Maggie and John Anderson are not racists because they’ve decided to shop at only black-owned businesses for the entire year. Nor is their “Ebony Experiment,” which is also part of a university study on black consumers and businesses, racist.
I’m breaking my rule of not commenting on things I cover by writing this. And I didn’t ask the Andersons about accusations likely to come from some that what they’re doing is racist, though those claims were sure to surface. What some people can’t seem to understand is why blacks, myself included, are so adamant on black folks “shopping black” more often. Some of the comments from critics may be from the heart but are wrought with ignorance.
I can provide statistics or testimony from experts about the problems facing black-owned businesses and why we as black consumers who live in the communities where they’re located should support them more. I doubt, however, that will enlighten those taking a knee-jerk reaction to the Andersons. Such stats don’t even sway some black consumers who don’t spend their dollars at black businesses. But that is exactly the problem the Andersons are trying to address in their one-year experiment.
Some black-owned businesses struggle to survive. Oak Park’s Afri-Ware, a black-owned store, has struggled to attract new consumers. Now, an uninformed, cynical, knee-jerk reacting critic would say something like this in response: “Maybe that store is selling bad products or has bad employees that turn off shoppers.” None of that is true in Afri-Ware’s case. And, just like the criticisms against the Andersons, it’s based on assumptions, not reality.
This isn’t about being colorblind. It’s not about segregation. And the Andersons said nothing about only allowing black firefighters or police in their home in case of, God forbid, an emergency. This is about basic economics. Black-owned businesses are having trouble attracting their target audience because they’re target audience tends to shop elsewhere. Why is that case? I’m hopeful the Anderson’s experiment will help shed more light on that. Just from personal experience growing up in a black community, there are many factors, and the Andersons addressed a few. Some of the problems go beyond shopping habits.
If you have a bad experience at a particular black business, for instance, you’ll stereotype other businesses perhaps selling the same product. That’s not being a very enlightened consumer. Here’s another issue. On the West Side, where I grew up, there are not enough restaurants selling healthy food. A black-owned, healthy-choice restaurant opened in the Austin neighborhood last August and I’m watching it very closely to see how it does. But if black restaurant-goers are turning their noses up at vegetables and fruits in favor of greasy foods and soda pops, that’s not only bad for the healthy-choice restaurant, it’s bad for the health of residents in that community.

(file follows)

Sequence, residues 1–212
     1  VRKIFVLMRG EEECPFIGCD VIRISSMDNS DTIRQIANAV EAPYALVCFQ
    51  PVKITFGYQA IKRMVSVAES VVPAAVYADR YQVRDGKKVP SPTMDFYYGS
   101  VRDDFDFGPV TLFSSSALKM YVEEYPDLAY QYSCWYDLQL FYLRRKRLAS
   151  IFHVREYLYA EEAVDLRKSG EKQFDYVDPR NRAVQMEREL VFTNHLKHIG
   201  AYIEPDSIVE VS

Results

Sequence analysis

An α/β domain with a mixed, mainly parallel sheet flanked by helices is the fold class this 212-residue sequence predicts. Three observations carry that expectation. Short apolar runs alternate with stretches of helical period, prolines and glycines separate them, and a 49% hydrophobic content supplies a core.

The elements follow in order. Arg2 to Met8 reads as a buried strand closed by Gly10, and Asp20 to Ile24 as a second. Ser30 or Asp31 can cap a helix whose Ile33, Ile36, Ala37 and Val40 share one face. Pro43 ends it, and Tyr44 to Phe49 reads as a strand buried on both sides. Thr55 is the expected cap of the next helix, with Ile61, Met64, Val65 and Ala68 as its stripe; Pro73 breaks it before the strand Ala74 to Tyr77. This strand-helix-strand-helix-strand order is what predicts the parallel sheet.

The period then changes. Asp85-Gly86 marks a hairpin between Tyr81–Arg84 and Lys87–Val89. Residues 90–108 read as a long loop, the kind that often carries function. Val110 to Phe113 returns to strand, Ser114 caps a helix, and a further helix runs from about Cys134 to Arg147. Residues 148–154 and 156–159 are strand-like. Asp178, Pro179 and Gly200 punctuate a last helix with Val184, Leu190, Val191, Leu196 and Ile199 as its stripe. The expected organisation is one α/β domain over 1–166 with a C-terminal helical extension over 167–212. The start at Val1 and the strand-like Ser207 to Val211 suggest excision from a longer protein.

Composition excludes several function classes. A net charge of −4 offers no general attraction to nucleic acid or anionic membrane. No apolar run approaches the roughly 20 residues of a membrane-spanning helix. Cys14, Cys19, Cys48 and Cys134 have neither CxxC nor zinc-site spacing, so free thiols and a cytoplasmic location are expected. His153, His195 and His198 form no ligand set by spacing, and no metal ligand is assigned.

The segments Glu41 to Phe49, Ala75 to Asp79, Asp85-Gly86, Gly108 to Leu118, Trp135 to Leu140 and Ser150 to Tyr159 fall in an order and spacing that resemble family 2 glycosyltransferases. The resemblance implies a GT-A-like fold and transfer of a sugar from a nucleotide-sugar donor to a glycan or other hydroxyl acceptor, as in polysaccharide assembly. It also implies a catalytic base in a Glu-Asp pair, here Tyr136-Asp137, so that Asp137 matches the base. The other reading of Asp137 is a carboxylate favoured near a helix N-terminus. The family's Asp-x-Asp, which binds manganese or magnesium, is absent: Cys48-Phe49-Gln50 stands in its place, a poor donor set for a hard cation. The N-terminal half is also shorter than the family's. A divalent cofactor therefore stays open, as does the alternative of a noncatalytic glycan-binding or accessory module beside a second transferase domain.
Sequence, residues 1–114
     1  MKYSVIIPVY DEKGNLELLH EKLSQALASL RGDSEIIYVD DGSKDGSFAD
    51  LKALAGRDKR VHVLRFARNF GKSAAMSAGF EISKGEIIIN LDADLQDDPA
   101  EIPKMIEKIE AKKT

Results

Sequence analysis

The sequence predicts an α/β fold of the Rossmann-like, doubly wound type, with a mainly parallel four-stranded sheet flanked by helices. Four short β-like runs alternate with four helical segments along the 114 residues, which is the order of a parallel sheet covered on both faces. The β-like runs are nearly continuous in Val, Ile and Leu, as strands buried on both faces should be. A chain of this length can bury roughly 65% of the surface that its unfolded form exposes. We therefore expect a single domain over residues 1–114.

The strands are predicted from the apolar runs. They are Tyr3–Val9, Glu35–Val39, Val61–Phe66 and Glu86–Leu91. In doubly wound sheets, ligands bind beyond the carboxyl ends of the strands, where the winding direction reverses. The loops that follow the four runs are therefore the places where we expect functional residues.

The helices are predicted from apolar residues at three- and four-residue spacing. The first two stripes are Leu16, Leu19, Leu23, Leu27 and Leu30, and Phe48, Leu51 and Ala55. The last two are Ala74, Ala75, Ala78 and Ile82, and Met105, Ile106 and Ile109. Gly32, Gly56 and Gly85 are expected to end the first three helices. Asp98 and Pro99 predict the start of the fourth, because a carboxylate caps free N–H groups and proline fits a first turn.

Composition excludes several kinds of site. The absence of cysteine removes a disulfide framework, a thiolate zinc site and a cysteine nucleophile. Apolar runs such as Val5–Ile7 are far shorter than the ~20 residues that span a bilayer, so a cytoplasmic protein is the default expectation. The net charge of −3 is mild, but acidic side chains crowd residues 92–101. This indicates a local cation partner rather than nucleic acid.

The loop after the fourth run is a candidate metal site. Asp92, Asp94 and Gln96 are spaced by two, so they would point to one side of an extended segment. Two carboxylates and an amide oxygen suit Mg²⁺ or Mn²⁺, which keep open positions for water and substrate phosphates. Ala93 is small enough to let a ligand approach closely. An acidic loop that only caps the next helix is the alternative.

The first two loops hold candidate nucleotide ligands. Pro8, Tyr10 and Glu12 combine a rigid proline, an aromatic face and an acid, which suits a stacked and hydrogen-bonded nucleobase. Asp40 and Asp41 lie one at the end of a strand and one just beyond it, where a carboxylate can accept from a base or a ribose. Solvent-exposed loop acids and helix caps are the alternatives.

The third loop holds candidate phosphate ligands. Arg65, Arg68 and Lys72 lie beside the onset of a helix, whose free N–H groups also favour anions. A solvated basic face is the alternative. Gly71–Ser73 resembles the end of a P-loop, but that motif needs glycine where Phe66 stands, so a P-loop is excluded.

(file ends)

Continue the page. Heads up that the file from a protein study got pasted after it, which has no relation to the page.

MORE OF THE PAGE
And as the Andersons pointed out, an alarming number of businesses in black communities that sell black products – hair care, soul food, etc. – are not black-owned. Why is that a problem? In other ethnic communities – China Town, Greek Town, Little Village, Ukrainian Village and others – the vast majority of businesses are owned by people belonging to that nationality. That’s not racist. It’s a reality. I’ve always said that the black community could learn something from our Asian and Latino brethren about supporting their own. But that also involves overall ethnic pride and how to support and showcase it.
Malcolm Crawford, an Austin business owner and executive director of the Austin African-American Business Networking Association, recently addressed this topic in a column he wrote for the Austin Weekly News. And no, cynical critic, the association is not some leisure group. It’s a network of business leaders in Austin that help support, mentor and facilitate new business owners in Austin. Crawford was driving recently from a business meeting and passed through China Town and then through Little Village. He was struck by the artwork throughout those communities, on the businesses, homes and streets, showcasing their ethnic culture. Not so while driving through Austin, he noted.
He and I have talked about this for years. There needs to be a change in mindset for some in our community. There needs to be a sense of pride where you live and people dedicated to making that a reality. That also involves where we shop. Near where I live, there are four liquor stores along Cicero from the Blue Line to the Green Line, spanning about five blocks. None of them are owned by blacks. We’ll shop there for booze 24/7 but can’t buy a gift for a loved one at the black-owned novelty shop. That’s long been a problem.
So, say what you will about the Andersons. They should be applauded for supporting black businesses by exposing consumers to smart shopping habits, even if you disagree with their method.